The New York Jets will be returning to California this Sunday with a purpose. They need to rebound from an embarrassing loss to the Denver Broncos, and lay the ground-work to control their destiny as the post-season approaches.
They will be taking on the revitalized San Francisco 49ers, led by interim head coach Mike Singletary.
The 2008 season hasn’t been very kind to New York when they travel out west, having been jettisoned back east with demoralizing losses to the San Diego Chargers and Oakland Raiders.
However, this game comes against another NFC West team—a division the Jets have been very successful against.
New York has outscored their NFC West opponents, 103-38, in games against the Arizona Cardinals and St. Louis Rams.
With renewed vigor and a desire to prove that they are better than everything they’ve shown, playing the 49ers provides New York with a unique opportunity to get back on track in all facets of the game.
Time to Re-unleash the Pass Rush
The Jets’ Achilles’ heel all season has been defending the pass. It doesn’t matter who they’ve played against—they’re going to allow a ridiculous amount of yards through the air.
The quarterback could be one of the best in the league, a guy who hasn’t started since high school, or a career journeyman—he’s going to have a good day.
Shaun Hill has played very well since taking over the starting role, throwing eight touchdowns and three interceptions in four starts.
With no significant injuries, and a plethora of stars—past, present, and future—the Jets find themselves with the 30th-ranked pass defense in the league and something to prove.
At one point of the 2008 season, the Jets were second in the NFL when it came to recording sacks. In recent weeks, they’ve slipped in production and fell to fifth. Were the pass-rushing schemes figured out, or did the team lose some of their aggression?
Fortunately for New York, San Francisco ranks as one of the worst teams when it comes to protecting the quarterback, allowing opposing defenses to record 43 sacks so far this season.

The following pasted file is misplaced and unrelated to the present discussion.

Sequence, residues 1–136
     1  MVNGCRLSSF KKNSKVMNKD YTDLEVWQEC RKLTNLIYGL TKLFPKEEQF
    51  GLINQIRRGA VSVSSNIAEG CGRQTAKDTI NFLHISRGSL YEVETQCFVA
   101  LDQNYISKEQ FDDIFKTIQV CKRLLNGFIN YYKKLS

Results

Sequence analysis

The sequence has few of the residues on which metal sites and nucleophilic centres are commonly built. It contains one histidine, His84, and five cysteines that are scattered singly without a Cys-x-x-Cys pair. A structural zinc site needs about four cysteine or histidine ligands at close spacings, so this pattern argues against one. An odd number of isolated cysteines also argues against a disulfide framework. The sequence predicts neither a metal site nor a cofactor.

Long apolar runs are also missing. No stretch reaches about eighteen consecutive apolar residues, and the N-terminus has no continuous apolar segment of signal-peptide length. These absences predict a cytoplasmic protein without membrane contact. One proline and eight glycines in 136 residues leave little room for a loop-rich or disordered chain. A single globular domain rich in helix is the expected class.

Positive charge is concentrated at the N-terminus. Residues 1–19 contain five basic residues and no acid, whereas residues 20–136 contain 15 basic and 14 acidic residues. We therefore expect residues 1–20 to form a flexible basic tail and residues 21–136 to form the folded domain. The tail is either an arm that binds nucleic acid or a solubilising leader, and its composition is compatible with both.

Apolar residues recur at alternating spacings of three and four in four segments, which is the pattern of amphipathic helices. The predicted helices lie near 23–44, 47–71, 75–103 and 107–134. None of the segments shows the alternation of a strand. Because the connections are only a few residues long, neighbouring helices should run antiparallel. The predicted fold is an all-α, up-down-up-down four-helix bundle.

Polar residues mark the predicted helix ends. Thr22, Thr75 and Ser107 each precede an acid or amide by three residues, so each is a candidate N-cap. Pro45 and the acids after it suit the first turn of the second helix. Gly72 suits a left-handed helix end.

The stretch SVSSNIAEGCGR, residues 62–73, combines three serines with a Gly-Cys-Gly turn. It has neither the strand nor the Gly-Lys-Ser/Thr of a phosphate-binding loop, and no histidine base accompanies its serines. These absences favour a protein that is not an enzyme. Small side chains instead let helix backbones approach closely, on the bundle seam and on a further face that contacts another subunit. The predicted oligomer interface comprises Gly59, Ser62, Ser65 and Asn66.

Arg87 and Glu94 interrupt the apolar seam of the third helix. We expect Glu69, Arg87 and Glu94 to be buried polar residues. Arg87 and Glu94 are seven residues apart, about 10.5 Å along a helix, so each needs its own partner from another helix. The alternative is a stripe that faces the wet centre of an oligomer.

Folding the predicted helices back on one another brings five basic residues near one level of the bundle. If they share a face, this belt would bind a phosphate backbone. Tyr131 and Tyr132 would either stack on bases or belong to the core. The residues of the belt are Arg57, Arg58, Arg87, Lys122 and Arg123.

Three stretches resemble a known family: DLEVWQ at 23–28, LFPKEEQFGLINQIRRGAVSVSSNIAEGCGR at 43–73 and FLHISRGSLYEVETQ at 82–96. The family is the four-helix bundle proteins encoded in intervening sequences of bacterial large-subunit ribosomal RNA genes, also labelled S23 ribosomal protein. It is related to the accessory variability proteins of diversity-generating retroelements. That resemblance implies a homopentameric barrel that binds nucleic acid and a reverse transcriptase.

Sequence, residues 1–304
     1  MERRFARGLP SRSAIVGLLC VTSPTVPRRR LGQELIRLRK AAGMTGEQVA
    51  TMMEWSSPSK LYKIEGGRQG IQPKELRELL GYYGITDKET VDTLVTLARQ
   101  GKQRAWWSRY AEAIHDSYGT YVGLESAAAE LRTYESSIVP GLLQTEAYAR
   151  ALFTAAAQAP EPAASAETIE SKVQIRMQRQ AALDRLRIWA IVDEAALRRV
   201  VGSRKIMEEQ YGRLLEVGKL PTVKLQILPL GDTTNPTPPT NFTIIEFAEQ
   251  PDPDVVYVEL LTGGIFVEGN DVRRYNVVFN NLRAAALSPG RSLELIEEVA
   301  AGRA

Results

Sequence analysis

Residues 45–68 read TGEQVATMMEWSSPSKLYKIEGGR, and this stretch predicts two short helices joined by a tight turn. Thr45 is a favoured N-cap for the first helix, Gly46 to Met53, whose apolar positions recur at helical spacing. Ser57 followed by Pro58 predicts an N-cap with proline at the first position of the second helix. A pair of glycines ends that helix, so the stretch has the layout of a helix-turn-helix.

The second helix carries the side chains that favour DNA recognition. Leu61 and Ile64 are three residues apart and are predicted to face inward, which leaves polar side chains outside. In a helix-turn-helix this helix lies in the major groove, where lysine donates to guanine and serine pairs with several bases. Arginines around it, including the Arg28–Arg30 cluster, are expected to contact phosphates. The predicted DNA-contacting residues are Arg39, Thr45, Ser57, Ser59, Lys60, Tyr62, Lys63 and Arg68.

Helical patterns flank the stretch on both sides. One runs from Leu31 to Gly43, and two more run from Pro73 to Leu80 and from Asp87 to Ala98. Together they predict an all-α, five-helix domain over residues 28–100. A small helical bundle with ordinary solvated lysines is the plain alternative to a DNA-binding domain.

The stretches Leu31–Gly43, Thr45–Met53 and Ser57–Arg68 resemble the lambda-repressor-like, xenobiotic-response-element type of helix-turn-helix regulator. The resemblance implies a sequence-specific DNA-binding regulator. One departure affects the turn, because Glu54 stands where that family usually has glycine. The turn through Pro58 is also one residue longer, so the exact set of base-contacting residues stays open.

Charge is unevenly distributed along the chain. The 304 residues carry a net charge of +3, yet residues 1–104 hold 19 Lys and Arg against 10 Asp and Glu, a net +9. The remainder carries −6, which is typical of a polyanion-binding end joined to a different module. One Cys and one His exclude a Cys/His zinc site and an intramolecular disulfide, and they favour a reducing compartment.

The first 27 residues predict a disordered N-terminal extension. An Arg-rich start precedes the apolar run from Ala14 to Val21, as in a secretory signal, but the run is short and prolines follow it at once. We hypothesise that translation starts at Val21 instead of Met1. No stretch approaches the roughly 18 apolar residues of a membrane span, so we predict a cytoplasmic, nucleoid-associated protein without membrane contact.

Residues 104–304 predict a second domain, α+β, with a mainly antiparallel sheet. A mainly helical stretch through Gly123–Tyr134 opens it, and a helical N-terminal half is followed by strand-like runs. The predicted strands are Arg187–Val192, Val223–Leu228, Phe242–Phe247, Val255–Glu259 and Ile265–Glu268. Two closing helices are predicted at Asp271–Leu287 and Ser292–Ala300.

It’s the exact match-up the Jets needed to rejuvenate their defensive spirits.
Quarterbacks can’t throw the ball for over 300 yards if they’re playing on their heels, right?
Fans might even see sixth-overall pick Vernon Gholston record his first sack.
Leave the Ball in Jones’ Hands
Head coach Eric Mangini took plenty of criticism after the Broncos game for some of his coaching decisions. One in particular was his choice to abandon Thomas Jones in the second-half.
Jones had over 100 yards and two touchdowns on 11 carries against the Broncos in the first-half.
The Jets were playing from behind, but Jones’ ability to break off large gains shouldn’t have been abandoned in favor of the pass. Jones only received five more carried for about 30 yards as the Jets fell behind.
The 49ers are around the middle of the pack against the run, but Jones should still be very active against them.
When given 20 carries a game, the New York Jets have won the time of possession battle and have ultimately won the game.
The only instance to the contrary was against the Oakland Raiders, but Jets’ fans chalk that game up as an anomaly.
Fans understand how tempting it is to unleash the gunslinger in Brett Favre—it’s the reason he’s here.
But Thomas Jones proved that he can do more than kill the clock when he tried to keep the Jets competitive against Denver all by his lonesome.
The Playoff Picture
The Pittsburgh Steelers did the Jets a service when they brutally dispatched of the New England Patriots last week.
Unfortunately, New York missed out on an incredible opportunity to gain separation in their division when they fell to the Broncos.
The Jets still own the third spot in the playoff picture, but it’s now theirs to lose.
The Baltimore Ravens appear to be getting hot when it matters most, and could even threaten the Steelers for the division. And the Indianapolis Colts have the benefit of being blessed with a fairly easy schedule.
Within the division, New England has an opportunity to keep pace with the Jets when they take on the reeling Seattle Seahawks.
Jets’ fans should be hoping for the Buffalo Bills to play well enough to dispatch of the red-hot Miami Dolphins.
Not lingering far behind, Miami has the potential to win out for the remainder of the season and make the Week 17 game at the Meadowlands a lot more interesting. A loss to Buffalo—in Toronto—could make all of that a moot point.
Regardless of what the other teams are doing, the most important thing for New York is to win. Their loss to Denver came at the right time.
It was a reality check for the Jets, and could be the catalyst that forces them to play football the way their fans know they can.